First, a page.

Given the journeys into world music and film scoring (she composed the soundtrack for a 2018 adaptation of A Midsummer Night’s Dream), I asked Todd whether she still considers herself a singer-songwriter. “I do. That’s definitely where I’ve come from. Like Joni Mitchell — I still consider her a singer-songwriter, but she went away from that towards jazz, and I think I have followed a similar path naturally. But I am still in it for the singing and the songcraft. For a while, I didn’t really like the title of singer-songwriter, because there were so many of them, and they mostly veer towards Americana. And my music veers towards world folk music, and I identify more with Violeta Parra, Mercedes Sosa, Miriam Makeba, and other international singers who embody emotion for the people.”
When asked about her songwriting process, she says, “Sometimes I feel like a medium; like the songs are already written, and you’re just a channel. For me, melody is really easy. That just comes. I’m always singing, and my daughter is like, ‘Jeez, can’t you just shut up!’ But it’s the lyrics — like finding the perfect lyrics that embody that melody. That can be the tricky part for me, finding the perfect thing.”
“I feel that with this album, I was tapping into some of my early songwriting, with some of these long songs like I did on some of my early records. I wasn’t trying to please an audience so much, as I was trying to be true to my medium. I’m still aspiring to write the perfect song in all its ideals that would be the catchiest song ever, but I’ve kind of accepted that my creative way is not in pop music. But I’m still all about melody and great lyrics.”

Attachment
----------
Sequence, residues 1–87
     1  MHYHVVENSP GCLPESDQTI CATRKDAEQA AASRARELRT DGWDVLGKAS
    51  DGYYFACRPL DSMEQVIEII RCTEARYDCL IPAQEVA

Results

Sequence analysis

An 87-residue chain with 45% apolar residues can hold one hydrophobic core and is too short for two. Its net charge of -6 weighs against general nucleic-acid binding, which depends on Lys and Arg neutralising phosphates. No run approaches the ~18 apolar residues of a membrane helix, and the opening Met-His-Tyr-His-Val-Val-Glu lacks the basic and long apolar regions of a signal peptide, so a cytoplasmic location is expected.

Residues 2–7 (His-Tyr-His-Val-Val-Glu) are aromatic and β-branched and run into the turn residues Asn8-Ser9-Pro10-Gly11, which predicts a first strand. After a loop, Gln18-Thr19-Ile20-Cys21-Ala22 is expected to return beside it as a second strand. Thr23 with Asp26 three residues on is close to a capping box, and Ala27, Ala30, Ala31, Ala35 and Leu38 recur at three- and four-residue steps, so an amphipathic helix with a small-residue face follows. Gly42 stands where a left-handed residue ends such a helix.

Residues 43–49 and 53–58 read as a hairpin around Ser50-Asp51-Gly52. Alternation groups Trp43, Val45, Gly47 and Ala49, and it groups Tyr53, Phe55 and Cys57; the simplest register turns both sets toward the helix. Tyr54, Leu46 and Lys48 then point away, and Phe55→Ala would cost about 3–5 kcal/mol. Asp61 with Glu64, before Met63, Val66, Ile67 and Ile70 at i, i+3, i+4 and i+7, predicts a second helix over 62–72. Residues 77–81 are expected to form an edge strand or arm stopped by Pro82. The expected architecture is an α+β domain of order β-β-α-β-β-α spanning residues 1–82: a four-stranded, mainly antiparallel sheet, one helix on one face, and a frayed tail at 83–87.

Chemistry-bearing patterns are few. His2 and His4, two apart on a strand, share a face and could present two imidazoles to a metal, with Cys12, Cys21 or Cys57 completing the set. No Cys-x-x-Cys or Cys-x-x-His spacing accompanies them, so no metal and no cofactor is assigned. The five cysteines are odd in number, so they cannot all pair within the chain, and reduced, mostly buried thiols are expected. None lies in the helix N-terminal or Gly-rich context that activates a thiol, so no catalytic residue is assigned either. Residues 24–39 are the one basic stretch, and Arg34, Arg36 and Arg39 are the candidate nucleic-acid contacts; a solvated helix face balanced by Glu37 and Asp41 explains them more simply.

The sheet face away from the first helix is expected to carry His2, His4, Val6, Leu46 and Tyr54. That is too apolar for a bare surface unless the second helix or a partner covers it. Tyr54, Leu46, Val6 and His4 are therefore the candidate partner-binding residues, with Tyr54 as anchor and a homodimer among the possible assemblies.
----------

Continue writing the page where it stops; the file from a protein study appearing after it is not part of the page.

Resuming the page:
In a streaming world, Todd is also still about the long-player: “I’m still making albums, and I’m still hung up on the arc of the record. I still think about song writing as storytelling, and the songs as a cycle.”
Todd created the album artwork as well, saying, “I’m still into the album as an object, and doing the artwork and the whole thing myself it just puts more and more of my personal feeling into the object and makes it like a work of art itself. I keep those vinyl collectors in mind, and this object has some kind of special spiritual feeling.” She chose the Greek vase motif because it “represents the relics of a life. For the Greeks, music was part of their spiritual life. My music aspires to the more spiritual side, rather than just pure entertainment.”
The Greek theme carries through on her latest music video, for the song “Take Me to the Mountain”. “That song was sort of based on the Oracle of Delphi. I wrote it before last year, but it’s about trying to get away from the city. On a lot of my albums, I have this theme, I try to get away from LA. [laughs]”
All joking aside, Todd’s words seem prescient: “The lyric ‘where we can breathe’ became very important in 2020 with all the police brutality. It was written in a different context but it kind of applied to what was going on.”
Referring to the album’s nine-minute closing track, Todd says, “The song should operate on both in microcosmic level, and also on that bigger theme. So ‘Daughter of Hope’ addresses the plight of the world and its environmental struggle. But through the lens of a mother trying to raise her child to the best of her ability, with all their own feebleness and frailness and imperfections.”
Todd arranges the songs for recording but keeps the process collaborative. “I usually give a lot of freedom to the players. I’m not trying to control anybody, or tell anybody what’s best, you know? We usually find it together. But I know when it’s not working. But we try to move together towards what’s working, you know, the ideal.”
Moving toward the ideal seems to be what Music Life is all about. Todd is still following the muse, albeit not with the blind fervor of a younger musician chasing a dream but with the wide-open clarity of an artist who has lived it.